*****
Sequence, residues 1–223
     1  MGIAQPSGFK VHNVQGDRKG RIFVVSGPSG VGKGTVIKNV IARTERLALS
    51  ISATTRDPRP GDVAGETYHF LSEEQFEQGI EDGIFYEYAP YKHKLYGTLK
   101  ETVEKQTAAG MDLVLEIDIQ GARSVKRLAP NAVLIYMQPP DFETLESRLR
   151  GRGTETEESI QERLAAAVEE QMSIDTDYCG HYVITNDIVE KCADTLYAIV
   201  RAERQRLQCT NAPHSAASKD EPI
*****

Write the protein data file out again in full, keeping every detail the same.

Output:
Sequence, residues 1–223
     1  MGIAQPSGFK VHNVQGDRKG RIFVVSGPSG VGKGTVIKNV IARTERLALS
    51  ISATTRDPRP GDVAGETYHF LSEEQFEQGI EDGIFYEYAP YKHKLYGTLK
   101  ETVEKQTAAG MDLVLEIDIQ GARSVKRLAP NAVLIYMQPP DFETLESRLR
   151  GRGTETEESI QERLAAAVEE QMSIDTDYCG HYVITNDIVE KCADTLYAIV
   201  RAERQRLQCT NAPHSAASKD EPI